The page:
In the spectrum of educational funding, scholarships and grants are the "free money." These awards do not need to be repaid. In general, scholarships are given based on merit and grants are given based on financial need. They may be awarded based on need, or excellence in academics or other areas, or on a combination of both. The aid may be given by the federal or state government.
Many scholarships awarded to University students have separate processes, deadlines, eligibility criteria, and application forms. The resource links provided here will introduce you to a wide spectrum of possibilities available from the University and numerous other philanthropic agencies, organizations, and individuals.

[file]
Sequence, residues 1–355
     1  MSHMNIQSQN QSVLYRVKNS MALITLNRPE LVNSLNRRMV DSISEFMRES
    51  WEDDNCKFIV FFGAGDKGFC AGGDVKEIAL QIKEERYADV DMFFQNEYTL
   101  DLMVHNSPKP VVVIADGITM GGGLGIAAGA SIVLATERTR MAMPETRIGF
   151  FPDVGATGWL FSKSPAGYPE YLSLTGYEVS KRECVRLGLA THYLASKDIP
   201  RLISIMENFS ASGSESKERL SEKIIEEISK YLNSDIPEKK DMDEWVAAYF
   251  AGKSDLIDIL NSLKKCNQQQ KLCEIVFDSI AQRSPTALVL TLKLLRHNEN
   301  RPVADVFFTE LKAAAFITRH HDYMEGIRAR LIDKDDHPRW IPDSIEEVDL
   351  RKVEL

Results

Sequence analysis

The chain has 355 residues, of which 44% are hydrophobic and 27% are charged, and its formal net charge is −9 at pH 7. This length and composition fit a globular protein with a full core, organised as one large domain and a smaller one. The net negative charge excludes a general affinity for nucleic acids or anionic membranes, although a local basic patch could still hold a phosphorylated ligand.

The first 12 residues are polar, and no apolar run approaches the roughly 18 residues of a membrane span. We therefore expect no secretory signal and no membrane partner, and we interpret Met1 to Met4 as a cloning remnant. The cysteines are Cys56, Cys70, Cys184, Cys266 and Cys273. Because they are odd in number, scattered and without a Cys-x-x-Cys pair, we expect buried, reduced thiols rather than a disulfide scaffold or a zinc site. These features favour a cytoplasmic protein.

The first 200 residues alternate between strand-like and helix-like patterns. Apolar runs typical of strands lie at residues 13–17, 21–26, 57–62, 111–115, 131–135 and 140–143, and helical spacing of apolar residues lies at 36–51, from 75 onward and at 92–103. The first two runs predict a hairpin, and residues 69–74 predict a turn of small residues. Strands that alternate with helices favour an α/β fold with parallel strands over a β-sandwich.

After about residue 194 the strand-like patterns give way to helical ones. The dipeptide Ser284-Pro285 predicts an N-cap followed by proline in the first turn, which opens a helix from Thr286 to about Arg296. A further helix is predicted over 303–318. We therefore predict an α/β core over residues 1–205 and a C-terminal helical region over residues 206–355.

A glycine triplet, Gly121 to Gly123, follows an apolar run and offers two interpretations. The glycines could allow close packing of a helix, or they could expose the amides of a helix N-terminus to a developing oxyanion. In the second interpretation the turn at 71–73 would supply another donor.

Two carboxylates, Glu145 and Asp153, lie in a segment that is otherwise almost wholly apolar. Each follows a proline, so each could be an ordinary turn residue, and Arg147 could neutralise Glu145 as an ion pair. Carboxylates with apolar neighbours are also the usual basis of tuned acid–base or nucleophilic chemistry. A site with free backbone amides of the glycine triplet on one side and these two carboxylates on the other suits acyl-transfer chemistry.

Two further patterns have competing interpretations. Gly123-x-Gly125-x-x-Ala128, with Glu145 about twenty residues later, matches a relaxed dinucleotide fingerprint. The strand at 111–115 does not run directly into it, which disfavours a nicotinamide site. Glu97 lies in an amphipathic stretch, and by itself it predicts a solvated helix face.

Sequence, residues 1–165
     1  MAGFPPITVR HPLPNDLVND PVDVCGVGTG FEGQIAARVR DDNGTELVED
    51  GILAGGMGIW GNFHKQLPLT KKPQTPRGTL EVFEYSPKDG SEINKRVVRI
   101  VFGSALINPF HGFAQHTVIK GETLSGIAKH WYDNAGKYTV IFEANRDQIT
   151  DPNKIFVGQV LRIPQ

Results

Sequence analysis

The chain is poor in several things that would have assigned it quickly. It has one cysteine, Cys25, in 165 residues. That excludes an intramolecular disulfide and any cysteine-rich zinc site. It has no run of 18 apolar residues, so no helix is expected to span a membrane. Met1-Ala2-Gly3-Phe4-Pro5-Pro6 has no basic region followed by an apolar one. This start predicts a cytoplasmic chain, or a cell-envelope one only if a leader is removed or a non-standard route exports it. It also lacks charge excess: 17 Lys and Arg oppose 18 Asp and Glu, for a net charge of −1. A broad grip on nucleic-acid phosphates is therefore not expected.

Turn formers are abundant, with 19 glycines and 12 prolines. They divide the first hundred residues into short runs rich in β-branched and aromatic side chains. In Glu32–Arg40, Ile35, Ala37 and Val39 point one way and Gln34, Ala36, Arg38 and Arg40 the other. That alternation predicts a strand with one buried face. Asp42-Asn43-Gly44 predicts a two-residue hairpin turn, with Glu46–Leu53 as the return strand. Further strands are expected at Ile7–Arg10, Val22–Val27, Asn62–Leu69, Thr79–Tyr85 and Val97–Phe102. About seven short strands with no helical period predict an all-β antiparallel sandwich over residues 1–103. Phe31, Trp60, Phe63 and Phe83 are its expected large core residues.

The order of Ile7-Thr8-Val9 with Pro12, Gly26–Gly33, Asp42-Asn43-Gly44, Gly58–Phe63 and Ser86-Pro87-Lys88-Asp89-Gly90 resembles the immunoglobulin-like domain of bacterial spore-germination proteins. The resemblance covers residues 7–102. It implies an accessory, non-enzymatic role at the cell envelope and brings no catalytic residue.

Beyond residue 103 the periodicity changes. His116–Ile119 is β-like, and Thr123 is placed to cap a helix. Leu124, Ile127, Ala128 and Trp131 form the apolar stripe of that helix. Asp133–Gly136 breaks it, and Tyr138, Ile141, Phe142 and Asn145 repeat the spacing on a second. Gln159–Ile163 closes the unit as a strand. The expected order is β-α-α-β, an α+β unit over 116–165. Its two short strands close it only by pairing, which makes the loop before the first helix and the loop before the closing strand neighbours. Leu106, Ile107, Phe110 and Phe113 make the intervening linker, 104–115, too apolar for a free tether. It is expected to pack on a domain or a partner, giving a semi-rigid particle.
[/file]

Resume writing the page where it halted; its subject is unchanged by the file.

Now the question is that how college funding works, the types of scholarships available, how to find them and how to apply for them. That’s pretty standard issue for a website about scholarships, although we think if you’ll pardon us saying so, that we’ve done an excellent and job of being comprehensive and readable. Here’s what’s different.
Scholarships are the ideal form of student aid, as they're basically gifts that never have to be repaid. On the other hand, student loans must be repaid, but they're made at very low interest rates, and you're usually you're not required to begin repayment until six months after you graduate. Some student loans require you to prove financial need, but some of them don't. Many students turn to student loans as a method to pay for college. Basically, if you cannot get access to the free money you have to borrow it in the form of a student loan.